What was your mood this morning when you woke up? Chipper, sad, dreadful, excited?
What’s your mood as you are putting your kit on before the final stages?
How did you feel DURING the stage?
How is your appetite, is it suppressed? Is it out of control and you are worried you might bite the fingers off of a loved one if they reach in for a serving at dinner?
Do you feel hotter than normal? Feel like you are running a low-grade fever(but you aren’t because you checked?
Has it been increasingly difficult to fall asleep at night despite feeling physically drained?
Now is the perfect time to record the answers to all, some, or even one of these questions. And just as importantly, the next two weeks are the perfect time to continue to record your answers to the same question. You’ll get a fantastic look at how you as an individual respond to fatigue. While you can monitor this stuff for the rest of your life, you certainly don’t have to!
HOWEVER, you have already put in tons of hard work getting to this point of the Tour. You can make that hard work even more valuable by squeezing every bit of info you can out of how your body reacts to fatigue, and how it “bounces” back.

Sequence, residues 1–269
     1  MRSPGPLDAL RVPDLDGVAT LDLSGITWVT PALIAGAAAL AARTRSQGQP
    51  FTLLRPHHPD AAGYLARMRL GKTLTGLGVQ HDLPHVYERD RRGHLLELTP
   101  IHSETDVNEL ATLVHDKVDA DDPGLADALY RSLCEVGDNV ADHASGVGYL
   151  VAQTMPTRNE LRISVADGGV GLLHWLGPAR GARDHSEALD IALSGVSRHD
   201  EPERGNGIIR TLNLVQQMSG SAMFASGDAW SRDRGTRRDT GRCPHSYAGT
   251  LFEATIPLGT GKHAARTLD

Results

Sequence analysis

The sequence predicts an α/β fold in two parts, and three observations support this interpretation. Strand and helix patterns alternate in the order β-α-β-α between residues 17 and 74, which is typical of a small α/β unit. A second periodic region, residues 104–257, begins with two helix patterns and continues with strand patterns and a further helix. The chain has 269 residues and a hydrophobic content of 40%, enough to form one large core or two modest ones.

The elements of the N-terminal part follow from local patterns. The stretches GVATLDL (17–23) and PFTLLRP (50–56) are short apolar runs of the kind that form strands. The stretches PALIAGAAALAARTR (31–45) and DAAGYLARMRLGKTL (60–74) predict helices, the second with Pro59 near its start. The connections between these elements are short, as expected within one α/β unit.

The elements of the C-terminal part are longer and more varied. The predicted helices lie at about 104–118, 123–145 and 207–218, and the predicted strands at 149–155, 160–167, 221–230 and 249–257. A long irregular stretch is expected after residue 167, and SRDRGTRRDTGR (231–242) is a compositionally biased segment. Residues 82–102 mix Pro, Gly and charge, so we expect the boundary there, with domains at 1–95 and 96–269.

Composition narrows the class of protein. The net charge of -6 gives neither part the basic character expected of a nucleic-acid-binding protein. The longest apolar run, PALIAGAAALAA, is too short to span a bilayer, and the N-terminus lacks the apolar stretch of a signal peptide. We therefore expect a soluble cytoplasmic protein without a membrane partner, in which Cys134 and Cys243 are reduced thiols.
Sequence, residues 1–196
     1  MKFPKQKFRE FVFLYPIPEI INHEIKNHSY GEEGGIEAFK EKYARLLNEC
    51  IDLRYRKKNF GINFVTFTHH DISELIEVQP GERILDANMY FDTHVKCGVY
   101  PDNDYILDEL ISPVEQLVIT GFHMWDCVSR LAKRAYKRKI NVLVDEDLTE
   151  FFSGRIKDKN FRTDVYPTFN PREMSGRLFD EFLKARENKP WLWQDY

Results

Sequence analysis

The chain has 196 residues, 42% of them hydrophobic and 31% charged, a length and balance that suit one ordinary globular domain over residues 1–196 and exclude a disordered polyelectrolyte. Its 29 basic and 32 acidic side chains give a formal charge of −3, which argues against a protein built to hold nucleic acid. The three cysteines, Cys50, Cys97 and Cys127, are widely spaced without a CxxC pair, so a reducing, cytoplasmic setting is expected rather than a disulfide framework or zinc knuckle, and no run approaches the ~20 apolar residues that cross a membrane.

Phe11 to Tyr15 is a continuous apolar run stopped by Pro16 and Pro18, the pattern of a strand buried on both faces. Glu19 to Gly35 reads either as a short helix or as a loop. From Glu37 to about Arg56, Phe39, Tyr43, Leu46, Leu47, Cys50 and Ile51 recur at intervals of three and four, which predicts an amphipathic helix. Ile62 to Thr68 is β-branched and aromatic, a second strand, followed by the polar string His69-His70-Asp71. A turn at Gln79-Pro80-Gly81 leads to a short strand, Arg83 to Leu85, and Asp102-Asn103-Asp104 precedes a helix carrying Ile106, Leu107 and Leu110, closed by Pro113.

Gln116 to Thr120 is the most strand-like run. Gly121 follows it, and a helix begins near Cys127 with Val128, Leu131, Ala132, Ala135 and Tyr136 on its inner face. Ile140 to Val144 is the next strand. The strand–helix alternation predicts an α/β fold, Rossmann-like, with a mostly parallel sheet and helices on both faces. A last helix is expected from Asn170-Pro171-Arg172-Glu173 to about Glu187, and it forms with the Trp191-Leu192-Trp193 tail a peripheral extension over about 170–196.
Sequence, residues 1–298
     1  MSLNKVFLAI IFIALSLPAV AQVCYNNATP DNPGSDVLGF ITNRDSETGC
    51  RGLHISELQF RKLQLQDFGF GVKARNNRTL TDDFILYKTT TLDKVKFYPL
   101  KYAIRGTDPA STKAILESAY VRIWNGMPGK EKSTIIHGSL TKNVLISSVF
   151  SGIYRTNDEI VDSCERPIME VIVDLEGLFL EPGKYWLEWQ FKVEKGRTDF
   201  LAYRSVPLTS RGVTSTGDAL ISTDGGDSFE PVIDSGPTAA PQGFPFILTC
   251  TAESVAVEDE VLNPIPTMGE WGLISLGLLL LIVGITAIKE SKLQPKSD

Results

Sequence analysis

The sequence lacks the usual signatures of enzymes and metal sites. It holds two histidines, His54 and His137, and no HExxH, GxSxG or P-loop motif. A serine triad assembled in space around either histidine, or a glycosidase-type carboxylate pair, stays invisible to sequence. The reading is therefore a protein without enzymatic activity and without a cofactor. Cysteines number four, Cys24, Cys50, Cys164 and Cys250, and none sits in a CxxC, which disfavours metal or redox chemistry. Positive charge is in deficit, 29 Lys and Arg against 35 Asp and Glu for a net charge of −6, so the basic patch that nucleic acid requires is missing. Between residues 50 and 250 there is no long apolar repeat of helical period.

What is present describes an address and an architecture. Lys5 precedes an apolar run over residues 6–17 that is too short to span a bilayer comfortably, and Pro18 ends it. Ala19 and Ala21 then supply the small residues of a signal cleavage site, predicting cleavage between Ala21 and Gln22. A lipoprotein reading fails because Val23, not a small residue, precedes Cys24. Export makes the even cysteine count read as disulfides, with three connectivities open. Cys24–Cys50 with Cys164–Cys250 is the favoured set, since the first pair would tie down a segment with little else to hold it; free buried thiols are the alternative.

You’ll notice that the Post -ToS training plans don’t have traditional Levels, but are “fatigue” based. Chances are you’ll “know” how fatigued you are come Sunday, even if you don’t have the power/heart-rate/RPE values anywhere to reference.
I know all of that sounds like a lot to try and track. You might have a spare notebook laying around or you might already be tracking all of this in various apps. If you’d like a simplified way to record all of this information we’ve created a Google Form that covers all of the above questions.